The Savage River Iron Ore Mine, located in northwest Tasmania, was opened in 1968 to produce iron ore pellets from a magnetite orebody. Over the years four pits have been developed; South Centre Pit, Centre Pit, South Lens and North Pit. On the western walls of Centre Pit and North Pit flexural toppling failures have restricted overall slope angles to 37o. This paper discusses the geology, history and stability analyses of these toppling failures. The computer software programme UDEC has been successfully used to model excavation history, groundwater depressurisation and slope movements. The model is now being used to predict the future behaviour of the slopes to assist in mine planning.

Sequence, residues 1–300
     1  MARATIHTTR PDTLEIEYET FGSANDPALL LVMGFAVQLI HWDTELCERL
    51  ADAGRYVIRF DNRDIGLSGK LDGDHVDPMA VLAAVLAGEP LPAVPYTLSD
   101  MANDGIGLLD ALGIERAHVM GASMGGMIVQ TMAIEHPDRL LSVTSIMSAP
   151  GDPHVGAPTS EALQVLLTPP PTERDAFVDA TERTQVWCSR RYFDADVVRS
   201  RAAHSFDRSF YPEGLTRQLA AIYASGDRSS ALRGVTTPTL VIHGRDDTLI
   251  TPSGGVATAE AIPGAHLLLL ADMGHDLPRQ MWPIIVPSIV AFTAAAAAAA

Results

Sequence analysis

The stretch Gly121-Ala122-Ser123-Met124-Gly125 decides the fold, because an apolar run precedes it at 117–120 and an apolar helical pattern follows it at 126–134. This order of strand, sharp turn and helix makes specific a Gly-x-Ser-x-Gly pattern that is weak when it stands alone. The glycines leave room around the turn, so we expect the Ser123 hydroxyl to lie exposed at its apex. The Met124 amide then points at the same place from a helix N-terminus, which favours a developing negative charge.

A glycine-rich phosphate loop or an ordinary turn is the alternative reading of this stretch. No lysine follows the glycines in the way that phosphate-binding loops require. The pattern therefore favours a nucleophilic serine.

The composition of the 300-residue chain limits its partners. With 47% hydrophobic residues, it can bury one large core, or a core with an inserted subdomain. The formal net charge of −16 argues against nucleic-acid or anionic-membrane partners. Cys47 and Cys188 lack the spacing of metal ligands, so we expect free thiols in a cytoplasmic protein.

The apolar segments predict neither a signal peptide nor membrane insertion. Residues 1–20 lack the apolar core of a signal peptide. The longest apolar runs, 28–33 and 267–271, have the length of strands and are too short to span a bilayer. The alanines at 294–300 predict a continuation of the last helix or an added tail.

The Savage River Iron Ore Mine, located in northwest Tasmania (refer to Figure 1), was opened in 1968 to produce iron ore pellets from the magnetite orebody. The magnetite is crushed at the mine and then sent via an 85km long slurry pipeline to Port Latta on the northwest coast for processing into hematite pellets. The original owners shut down operations in 1996 but in 1997 Australian Bulk Minerals (ABM) recommenced mining after relocating the crusher and installing a 1.3km conveyor. Over the years four pits have been developed; South Centre Pit, Centre Pit, South Lens and North Pit. The mine has had a history of flexural toppling failures in Centre Pit and North Pit that have restricted a major portion of the western walls to overall slope angles of 37o, with vertical slope heights in the order of 150m. This paper discusses the history of the toppling and the recent use of Itasca's (2000) UDEC computer programme to model the phenomena, i.e to back analyse previous failures. Detailed geology, excavation histories and dewatering aspects have successfully been incorporated into the UDEC model.